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Art History Enrichment

A Level Art Historians have enjoyed an enriching programme of trips and talks this term, including exclusive access to some of the latest developments in the field.

Upper Sixth Art History students were treated to a day of art viewing in their final week at school, enabling them to see in person, for the first time, many of the works they have studied. The trip began at Tate Britain and ended at the National Gallery, taking in public sculpture and architecture en route. The transformative power of seeing art first-hand was made clear as the class’s long-standing and heated debate about the relative merits of Bellini’s and Mantegna’s versions of The Agony in the Garden resurfaced, with several girls switching allegiance on seeing the two works in real life.

For the Lower Sixth, highlights have included a trip to Greenwich, as well as two talks from visiting speakers from the Courtauld Institute, invited specifically at the students’ request to provide deeper insights into topics that they found especially interesting.  Teresa Lane gave a truly eye-opening lecture on the iconography of the Holy Trinity, based on her PhD research. She showed the class fascinating, if somewhat alarming, early depictions of the Trinity as a three-headed creature, providing a valuable insight into how artists must often experiment and get things ‘wrong’, before finding an acceptable way of depicting a particular subject.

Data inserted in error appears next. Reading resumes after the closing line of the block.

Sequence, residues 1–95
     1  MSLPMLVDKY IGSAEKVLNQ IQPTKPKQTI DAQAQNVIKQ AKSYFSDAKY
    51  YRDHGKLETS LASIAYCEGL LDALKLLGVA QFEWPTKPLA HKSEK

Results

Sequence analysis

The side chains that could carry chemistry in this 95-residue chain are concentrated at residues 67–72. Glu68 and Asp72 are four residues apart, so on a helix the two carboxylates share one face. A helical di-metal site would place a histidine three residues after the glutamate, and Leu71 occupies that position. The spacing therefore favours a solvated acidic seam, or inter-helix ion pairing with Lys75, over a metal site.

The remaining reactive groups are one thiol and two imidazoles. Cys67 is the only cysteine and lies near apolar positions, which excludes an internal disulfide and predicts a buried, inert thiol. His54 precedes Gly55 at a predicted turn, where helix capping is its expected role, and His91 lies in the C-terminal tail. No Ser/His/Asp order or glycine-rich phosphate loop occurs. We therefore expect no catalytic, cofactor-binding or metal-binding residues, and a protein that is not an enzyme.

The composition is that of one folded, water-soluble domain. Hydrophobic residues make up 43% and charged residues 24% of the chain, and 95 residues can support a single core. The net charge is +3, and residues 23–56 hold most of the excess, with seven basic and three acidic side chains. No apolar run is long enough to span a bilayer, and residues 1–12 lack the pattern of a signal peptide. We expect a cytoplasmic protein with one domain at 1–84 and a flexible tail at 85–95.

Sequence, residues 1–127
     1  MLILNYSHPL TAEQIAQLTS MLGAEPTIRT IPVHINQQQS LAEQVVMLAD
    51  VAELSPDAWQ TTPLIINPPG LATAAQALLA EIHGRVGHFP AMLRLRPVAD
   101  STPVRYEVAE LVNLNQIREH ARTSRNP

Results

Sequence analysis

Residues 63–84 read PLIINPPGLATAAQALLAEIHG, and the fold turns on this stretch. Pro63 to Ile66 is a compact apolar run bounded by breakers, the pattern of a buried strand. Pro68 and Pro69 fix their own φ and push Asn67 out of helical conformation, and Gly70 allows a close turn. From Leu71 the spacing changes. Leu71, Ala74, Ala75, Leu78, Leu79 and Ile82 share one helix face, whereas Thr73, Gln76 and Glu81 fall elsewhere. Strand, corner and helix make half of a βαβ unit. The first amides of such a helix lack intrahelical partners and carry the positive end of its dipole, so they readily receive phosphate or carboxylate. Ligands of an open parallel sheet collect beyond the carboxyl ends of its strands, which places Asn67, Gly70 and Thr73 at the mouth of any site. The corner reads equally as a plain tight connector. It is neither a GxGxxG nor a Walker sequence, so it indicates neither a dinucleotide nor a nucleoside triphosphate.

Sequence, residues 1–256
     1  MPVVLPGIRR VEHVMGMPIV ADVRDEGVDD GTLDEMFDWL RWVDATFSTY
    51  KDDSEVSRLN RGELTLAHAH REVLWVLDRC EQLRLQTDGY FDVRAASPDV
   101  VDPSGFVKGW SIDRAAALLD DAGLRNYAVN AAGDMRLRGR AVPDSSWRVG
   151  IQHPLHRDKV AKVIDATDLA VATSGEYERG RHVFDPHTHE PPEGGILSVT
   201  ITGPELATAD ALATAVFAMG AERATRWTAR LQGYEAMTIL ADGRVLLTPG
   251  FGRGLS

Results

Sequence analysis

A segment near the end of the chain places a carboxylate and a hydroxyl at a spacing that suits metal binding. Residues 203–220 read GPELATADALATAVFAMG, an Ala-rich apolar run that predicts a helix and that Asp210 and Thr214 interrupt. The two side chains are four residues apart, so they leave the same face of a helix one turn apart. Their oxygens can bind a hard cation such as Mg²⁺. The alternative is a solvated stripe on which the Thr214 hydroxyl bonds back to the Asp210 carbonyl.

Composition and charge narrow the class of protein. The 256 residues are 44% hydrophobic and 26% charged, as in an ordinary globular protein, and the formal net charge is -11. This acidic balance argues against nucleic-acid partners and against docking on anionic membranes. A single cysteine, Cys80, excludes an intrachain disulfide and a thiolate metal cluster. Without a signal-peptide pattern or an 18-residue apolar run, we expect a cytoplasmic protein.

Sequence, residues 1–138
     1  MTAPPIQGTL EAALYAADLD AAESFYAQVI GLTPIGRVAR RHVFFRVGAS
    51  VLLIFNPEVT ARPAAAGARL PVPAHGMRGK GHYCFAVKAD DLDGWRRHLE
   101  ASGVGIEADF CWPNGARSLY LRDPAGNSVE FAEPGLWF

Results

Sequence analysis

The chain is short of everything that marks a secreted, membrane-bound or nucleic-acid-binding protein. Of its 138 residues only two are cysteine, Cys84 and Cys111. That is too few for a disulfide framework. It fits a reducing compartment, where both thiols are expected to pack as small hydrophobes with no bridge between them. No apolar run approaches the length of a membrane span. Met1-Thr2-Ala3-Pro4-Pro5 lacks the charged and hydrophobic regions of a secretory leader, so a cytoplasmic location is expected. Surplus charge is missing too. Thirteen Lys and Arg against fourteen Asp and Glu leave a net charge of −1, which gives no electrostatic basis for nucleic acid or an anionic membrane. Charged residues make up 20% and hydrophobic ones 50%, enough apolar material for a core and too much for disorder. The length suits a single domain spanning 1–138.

We were also delighted to welcome Professor Susie Nash, the world-leading authority on Claus Sluter’s Well of Moses. The class listened in awe as she described risking life and limb at the top of a wobbly ladder to inspect the monument at close quarters and confirm her transformative hypotheses about its meaning. She was also wonderfully generous in sharing as yet unpublished research with her South Hampstead fans, who are now in the privileged position of knowing things about the work, which are yet to be shared with the academic community.

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